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MailTribune.com
  • Medford-raised author speaks today

    Mystery writer April Henry is on best-seller list
  • It wasn't until April Henry was in her late 20s that she realized anyone can write books — not just special, gifted, wealthy people with prep school educations.
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    • If you go
      What: Book-signing and reading by April Henry, a Portland adult and young adult mystery writer and daughter of the late TV journalist and Jackson County Commissioner Hank Henry
      When: 7 tonight...
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      If you go
      What: Book-signing and reading by April Henry, a Portland adult and young adult mystery writer and daughter of the late TV journalist and Jackson County Commissioner Hank Henry

      When: 7 tonight

      Where: Barnes & Noble Booksellers, 1400 Biddle Road, Medford
  • It wasn't until April Henry was in her late 20s that she realized anyone can write books — not just special, gifted, wealthy people with prep school educations.
    So she dropped her writing job with a hospital chain and started pecking out detective, suspense and teen drama novels.
    Now, Henry, 55, a graduate of Medford Senior High School, has published 17 books, made the New York Times hardcover bestseller list for adult fiction and earns a good bit more than she made as a medical center flack writing things such as, "How to Live with Your Uterine Cancer," she says.
    Henry is the daughter of the late Hank Henry, who was a local TV journalist from 1964 to 1982 and afterward served on the Jackson County Board of Commissioners. Later, he was the voice of Jefferson Public Radio's "As It Was" history segments.
    "We kids were always the b-roll (random film) for weather stories and back -to-school stories on KTVL," says April Henry, of Portland, who is back in Southern Oregon this week on a book promotion tour. She will speak today at Ashland and South Medford high schools in hopes of inspiring students who might become authors someday.
    She will also read from her work and sign books at 7 tonight at Barnes & Noble Booksellers, 1400 Biddle Road, Medford.
    "My dad dreamed of being an author but never got around to it," she says. "When I was a kid, he gave me books on how to write. That lit the spark. I wish I'd started younger, but I had this idea that novelists spoke French, went to boarding schools and had horses — but I think I had them mixed up with the rich. I was in my 20s when I realized they were real people — and I didn't try to write a book till I was 30."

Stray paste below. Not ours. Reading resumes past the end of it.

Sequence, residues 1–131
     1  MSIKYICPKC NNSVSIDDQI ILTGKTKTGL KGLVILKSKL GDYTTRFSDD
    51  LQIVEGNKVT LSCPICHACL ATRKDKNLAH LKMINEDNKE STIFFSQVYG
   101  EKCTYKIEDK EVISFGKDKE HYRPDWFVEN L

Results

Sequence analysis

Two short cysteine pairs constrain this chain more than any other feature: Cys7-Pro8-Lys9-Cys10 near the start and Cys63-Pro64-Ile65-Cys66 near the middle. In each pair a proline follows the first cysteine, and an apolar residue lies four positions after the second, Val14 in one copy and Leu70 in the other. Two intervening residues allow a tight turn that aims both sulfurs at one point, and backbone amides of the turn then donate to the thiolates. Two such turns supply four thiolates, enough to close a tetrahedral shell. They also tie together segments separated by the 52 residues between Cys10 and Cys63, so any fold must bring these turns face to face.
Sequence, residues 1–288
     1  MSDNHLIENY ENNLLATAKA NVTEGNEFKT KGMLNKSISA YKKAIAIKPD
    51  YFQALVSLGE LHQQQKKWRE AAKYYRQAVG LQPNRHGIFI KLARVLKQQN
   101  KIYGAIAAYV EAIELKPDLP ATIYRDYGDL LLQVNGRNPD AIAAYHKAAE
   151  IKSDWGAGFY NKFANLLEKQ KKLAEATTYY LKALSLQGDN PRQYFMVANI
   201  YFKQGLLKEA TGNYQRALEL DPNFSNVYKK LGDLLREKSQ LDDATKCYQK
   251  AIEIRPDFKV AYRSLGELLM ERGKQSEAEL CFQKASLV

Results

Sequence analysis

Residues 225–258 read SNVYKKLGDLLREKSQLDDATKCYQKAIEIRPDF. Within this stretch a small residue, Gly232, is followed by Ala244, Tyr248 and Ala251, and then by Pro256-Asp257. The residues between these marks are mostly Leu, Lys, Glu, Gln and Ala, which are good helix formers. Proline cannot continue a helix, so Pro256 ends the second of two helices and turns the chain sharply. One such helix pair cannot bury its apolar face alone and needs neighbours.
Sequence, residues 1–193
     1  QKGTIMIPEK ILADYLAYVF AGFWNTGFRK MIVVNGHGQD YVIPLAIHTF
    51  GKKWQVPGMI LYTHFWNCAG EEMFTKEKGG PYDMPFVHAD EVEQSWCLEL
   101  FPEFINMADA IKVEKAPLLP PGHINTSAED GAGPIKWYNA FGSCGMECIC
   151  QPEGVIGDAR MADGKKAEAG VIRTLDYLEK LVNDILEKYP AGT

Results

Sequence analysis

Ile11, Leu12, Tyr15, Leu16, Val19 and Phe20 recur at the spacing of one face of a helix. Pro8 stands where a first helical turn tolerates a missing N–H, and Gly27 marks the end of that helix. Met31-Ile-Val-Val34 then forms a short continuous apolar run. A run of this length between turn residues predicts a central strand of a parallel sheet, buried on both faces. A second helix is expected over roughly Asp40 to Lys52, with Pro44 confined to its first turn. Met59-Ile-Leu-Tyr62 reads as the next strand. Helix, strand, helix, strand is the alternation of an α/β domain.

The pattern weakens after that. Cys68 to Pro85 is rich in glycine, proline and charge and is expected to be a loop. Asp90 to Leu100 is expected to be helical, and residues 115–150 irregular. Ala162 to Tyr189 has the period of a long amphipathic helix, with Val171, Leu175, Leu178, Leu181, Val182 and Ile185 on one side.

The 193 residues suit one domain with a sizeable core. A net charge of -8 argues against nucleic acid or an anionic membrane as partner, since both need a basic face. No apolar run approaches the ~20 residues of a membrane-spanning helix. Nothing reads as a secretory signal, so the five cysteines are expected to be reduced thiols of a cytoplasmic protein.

Henry got a business degree from Oregon State University, married another writer and they raised a child. They live in Portland, and Henry confesses to missing the hills and beauty of her native Southern Oregon.
    Her most successful book now is "Girl Stolen," published by Henry Holt in 2010. It's for young readers and tells the story of a girl left in the car by her parents with the keys still in the car. A thief who steals the car doesn't realize there's a child in it, but that changes everything. The plot twist is that the girl is newly blind and must find her way in a strange and dark world, forcing her to rapidly accept and work with her new handicap.
    In researching for the book, Henry spent a day at a guide dog school for the blind in Portland. She often dives into such experiences, either to flesh out a novel or to just add dramatic information to the idea storehouse in her mind, she says.
    She has sold film rights for "Girl Stolen" and several others have been optioned. Film is dicey, she says, noting that you never know whether something will get legs and end up on the screen.
    When asked about the state of literature in a Facebook-obsessed culture, Henry admits social media has had an impact on reading.
    "But this is still a story-loving culture, and novels will always be here," she says.
    John Darling is a freelance writer living in Ashland. E-mail him at jdarling@jeffnet.org.
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